So last night, when---after going to work at 3 a.m.---my husband thought he'd leave by 7 p.m. (which I mentally corrected/adjusted to "real clock time" of 10 p.m.), I decided to do the old "trap the kids in car seats and go to a drive-in fast food eatery and ply them with junk food" trick.
Except. Said eatery was unacceptable to the three year old for the following reasons: Great scott, cannot type them all out; suffice it to say everything was unacceptable, from the weather to the menu items.
When the carhop delivered our food, this is what he witnessed:
Sullen six year old in front passenger seat
White-faced mom with hair pulled messily into pony tail clutching steering wheel
Screaming red-faced three year old sitting on the car console in diaper and t-shirt
All of probably 16 years old, he gallantly and valiantly attempted to communicate with me above the din and convey his utmost sympathy for my situation and apparent insanity.
As I tried to hand out the food to sulky and screaming kids who found no joy or acceptance in anything, I felt something inside me snap, not like "went postal" snap, no, more like "hit the wall and decided, eh, can't climb over it, so I'll just lay down here in front of it and DIE" snap.
My head? It fell to the steering wheel.
This startled the children.
"What are you doing, Mommy?" they asked, wary, sure this was another one of my "trick you out of your nasty behavior" tactics.
"Quitting," I said.
"Quitting? What do you mean, quitting?"
"I mean, quitting. I have lost my mind. Lost. It. It's gone. So. Eat hearty me girls, this is the last meal we'll have together for a while."
"Well, when people lose their minds they have to go to sanatoriums for a while to try to see if they can find them again. That's me. I'll have to go to a sanatorium. I'm sure, after a month or so, they'll let you visit."
"You lost your mind, mommy? Oh no, where do you think you lost it? We need to retrace your steps!"
"I think, I think I lost it right here and now."
"Then we can find it! It's in the car!"
"No, my friend, it's not lost, lost, it's...broken. Like...a dead battery."
"We need to go to store to get battery for you?" This from the three year old.
"No," I said, sadly, "I'm afraid it's not that easy for people."
Amazingly? The children bought this utterly. Somehow, they even got on some level that I was kidding. But it captured their fancies and thus ensued a more pleasant overall (because it was done without whining and crying) if completely bizarro discussion of how life would operate with mom in a sanatorium.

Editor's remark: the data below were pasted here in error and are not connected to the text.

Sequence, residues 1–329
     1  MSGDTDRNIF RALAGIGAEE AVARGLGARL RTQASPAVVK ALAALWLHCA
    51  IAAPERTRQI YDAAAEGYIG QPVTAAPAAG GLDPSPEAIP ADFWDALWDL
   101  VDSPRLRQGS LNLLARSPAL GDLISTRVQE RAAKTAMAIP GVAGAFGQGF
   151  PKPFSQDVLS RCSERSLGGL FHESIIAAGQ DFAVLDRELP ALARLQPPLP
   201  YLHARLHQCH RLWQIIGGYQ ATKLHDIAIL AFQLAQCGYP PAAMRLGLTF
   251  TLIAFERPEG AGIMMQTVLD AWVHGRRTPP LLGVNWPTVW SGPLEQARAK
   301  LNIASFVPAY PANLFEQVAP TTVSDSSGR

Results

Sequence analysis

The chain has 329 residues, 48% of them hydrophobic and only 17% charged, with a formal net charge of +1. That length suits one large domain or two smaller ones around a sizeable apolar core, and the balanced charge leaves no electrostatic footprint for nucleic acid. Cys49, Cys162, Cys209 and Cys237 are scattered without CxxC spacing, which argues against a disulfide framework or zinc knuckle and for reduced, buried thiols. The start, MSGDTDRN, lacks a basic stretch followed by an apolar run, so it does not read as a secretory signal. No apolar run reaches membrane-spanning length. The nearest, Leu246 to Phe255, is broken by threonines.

The kicker? Somehow, without any discussion? They had me in that insane asylum for the rest of my natural life. I even got to be buried there after I died. They promised to plant a memorial garden for me, and asked what's the bush with flowers I like called?
That? Is true love.
Buttercup: You can't hurt me. Westley and I are joined by the bonds of love. And you cannot track that, not with a thousand bloodhounds, and you cannot break it, not with a thousand swords. (I did warn you about The Princess Bride.)
Later that night, after I plied my husband with a chili cheese dog (the outside did not taste of freeze, and I know someday he's going to lose patience with me that I sing that question to him every time) we spent a romantic, marriage bonding moment hovering over our three year old who was tantrumming so violently that we had her in a car seat for her own safety and were applying cool cloths to her head while stroking her hair and crooning calming words to her.
It only took an hour, that.
But I think couples need to spend that sort of quality, bonding time together, you know, for the sake of the relationship.
(As I wrote this, it struck me how women do not blog about marriage, how often it has been discussed that women do not blog about marriage, and how often men do blog about marriage. I stopped myself and thought and yes, it seems that male bloggers mention marriage in at least every other post. Hmm. Curious.)
Bonus points to you if you got that the title is a quote from Princess Bride, too.
Copyright 2008 Julie Pippert